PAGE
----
The Royal Hotel: This is the white people mecca in Monrovia. I admit, I haven’t eaten anything off their menu other than a plate of French fries, which were just ok. If you need to feel like you’re in the West for the afternoon, then you go to The Royal. There’s plenty of freezing cold air-conditioning for everyone! They have free wireless internet, that’s sometimes pretty speedy, and other times, not so speedy. It’s a good place to retreat for the afternoon to catch up on emails. They just recently got a new menu, which translates into a price increase! The burger is $12USD. They also have started doing themed days…like Tuesdays is a taco buffet, which I haven’t tried, but it looks and smells really good….I think it’s either $10 or $12. On Friday there’s a BBQ buffet, but I’m not sure what that means. On Sundays they have a brunch buffet. We’ve been debating on whether it’s worth the new price of $15USD, but in celebration of Andrew’s last day in Liberia, we decided to try it out. The food was alright, but I for sure didn’t feel like I got my $15 worth…I can’t even eat $!5 worth of food these days. They have pancakes and pastries, a salad bar, hummus, moutabal, quiches, hot dishes like pasta, curry chicken, rice and beans, beef in gravy, and a few desserts to choose from. The buffet also includes juice and coffee. The beginning of our meal was accompanied by wireless internet, but about 20 minutes in, the staff walked around to inform everyone that they were turning off the wireless…BOO…cheap shot Royal! My vote is I’ll stick to ordering snacks while I’m using the wireless.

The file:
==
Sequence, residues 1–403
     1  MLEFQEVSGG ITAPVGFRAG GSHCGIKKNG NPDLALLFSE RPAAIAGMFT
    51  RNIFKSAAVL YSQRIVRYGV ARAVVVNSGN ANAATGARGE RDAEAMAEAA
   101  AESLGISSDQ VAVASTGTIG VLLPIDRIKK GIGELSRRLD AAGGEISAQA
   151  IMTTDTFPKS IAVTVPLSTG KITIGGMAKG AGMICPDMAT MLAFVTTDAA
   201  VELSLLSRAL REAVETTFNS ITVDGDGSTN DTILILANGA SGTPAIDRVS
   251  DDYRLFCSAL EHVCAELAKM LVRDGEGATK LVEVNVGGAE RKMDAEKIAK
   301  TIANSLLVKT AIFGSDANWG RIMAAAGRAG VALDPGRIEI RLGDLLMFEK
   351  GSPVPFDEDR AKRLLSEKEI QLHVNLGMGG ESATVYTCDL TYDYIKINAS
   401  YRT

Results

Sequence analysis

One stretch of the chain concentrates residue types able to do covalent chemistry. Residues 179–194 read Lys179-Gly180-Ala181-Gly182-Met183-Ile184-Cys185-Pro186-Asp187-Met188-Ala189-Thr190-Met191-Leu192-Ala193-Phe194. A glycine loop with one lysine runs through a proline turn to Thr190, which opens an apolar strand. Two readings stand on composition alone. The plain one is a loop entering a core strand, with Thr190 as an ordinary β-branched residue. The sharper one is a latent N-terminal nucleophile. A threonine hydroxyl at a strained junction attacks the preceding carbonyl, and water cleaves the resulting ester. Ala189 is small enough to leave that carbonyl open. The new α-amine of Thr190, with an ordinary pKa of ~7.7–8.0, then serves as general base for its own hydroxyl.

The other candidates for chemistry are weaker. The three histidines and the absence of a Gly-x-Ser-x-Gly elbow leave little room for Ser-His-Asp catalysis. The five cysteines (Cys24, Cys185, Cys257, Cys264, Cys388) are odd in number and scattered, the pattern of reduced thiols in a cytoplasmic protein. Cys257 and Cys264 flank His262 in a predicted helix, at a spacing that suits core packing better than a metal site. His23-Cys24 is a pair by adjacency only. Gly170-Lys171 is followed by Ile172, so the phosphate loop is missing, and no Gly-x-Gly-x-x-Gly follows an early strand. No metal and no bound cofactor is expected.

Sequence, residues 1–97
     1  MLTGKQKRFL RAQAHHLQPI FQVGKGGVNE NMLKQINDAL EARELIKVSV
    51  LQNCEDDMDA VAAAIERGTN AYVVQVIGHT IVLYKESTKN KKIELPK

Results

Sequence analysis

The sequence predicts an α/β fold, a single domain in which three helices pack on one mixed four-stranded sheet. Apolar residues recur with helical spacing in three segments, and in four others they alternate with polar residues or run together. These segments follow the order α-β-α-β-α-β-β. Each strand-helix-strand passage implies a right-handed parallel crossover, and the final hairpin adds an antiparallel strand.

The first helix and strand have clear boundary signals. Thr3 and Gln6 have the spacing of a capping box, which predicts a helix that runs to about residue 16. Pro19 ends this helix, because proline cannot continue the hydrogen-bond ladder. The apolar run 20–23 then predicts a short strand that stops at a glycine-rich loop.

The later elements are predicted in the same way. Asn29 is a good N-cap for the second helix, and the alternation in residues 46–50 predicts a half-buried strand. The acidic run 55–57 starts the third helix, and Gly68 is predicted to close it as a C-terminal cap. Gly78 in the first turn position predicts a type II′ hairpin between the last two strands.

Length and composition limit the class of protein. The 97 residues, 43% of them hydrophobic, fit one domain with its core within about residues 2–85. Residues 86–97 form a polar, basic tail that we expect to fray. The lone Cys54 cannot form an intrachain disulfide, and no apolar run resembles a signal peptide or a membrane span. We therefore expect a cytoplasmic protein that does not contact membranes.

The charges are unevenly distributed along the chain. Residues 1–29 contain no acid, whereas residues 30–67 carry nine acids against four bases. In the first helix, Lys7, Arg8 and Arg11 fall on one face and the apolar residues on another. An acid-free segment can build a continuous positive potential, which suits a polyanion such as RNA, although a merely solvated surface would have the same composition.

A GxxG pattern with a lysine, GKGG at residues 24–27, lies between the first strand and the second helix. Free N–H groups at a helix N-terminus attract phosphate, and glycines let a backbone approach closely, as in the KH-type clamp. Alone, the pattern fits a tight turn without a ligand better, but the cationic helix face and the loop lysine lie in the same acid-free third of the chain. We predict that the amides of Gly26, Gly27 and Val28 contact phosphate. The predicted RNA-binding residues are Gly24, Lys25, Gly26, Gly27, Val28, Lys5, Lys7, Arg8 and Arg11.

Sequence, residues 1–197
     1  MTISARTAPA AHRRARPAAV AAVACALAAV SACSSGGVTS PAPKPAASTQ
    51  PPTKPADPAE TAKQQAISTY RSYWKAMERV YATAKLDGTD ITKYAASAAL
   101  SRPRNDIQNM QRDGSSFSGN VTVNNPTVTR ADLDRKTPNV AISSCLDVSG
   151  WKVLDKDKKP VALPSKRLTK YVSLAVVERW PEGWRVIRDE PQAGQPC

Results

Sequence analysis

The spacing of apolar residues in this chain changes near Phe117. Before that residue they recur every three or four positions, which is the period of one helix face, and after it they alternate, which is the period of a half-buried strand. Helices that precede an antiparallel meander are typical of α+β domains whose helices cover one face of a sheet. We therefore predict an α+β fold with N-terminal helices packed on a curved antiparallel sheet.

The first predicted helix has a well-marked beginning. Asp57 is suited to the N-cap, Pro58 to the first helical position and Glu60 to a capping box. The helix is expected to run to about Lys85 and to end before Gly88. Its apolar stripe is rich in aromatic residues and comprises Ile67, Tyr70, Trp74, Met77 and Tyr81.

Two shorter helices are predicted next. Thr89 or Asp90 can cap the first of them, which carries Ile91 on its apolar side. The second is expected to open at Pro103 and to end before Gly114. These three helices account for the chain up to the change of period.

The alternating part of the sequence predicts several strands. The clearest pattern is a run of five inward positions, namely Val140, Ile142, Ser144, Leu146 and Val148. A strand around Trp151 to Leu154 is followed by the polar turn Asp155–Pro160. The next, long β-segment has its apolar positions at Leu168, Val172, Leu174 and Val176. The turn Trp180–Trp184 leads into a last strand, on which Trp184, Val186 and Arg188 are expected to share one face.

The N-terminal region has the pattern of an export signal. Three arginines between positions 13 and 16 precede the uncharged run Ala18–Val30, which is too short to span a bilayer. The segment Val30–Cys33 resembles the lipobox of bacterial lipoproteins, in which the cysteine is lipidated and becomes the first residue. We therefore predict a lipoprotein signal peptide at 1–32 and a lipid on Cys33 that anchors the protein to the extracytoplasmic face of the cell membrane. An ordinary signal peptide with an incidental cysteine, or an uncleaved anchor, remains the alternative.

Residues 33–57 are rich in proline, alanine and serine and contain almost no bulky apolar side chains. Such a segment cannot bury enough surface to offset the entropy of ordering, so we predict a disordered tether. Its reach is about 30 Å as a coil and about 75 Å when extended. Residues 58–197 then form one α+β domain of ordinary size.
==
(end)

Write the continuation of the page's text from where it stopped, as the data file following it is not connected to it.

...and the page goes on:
King Burger: Located in town on Broad Street, King Burger is probably the closest thing there is to fast food (that doesn’t involve rice). I will say, it was quite an interesting burger…more like a slice of roast beef on a bun, with cucumber and non-American ketchup. It’s very affordable (a cheeseburger was 190LD….about $3). The place is small and alittle dingy—think Waffle House, but they had CNN on! If you’re looking for a quick, cheap bite, and as long as you’re not expecting a big fat juicy burger, then you’ll be alright.

MonaLiza: Located in Sinkor, across from UN Drive Supermarket. The place is large, clean and well air-conditioned. The menu has a lot of choices—pizzas, Lebanese food, salads, sandwiches, the burger…but the best thing is the long pastry/ice cream counter on the side of the room! I don’t want to plug them too much because when I was here last year, this was the only place I ate out at….5 times in 1 month! The food is nothing special, it’s priced fairly…the ice cream is pretty good (it’s cold!), but it is Lebanese (like really gooey and stringy gelato). The best thing in the place is their macaroons, but they don’t call them that. I recommend just stopping in to pick up a few chewy macaroons to much on while you run you errands in town, or to take home for a sweet treat!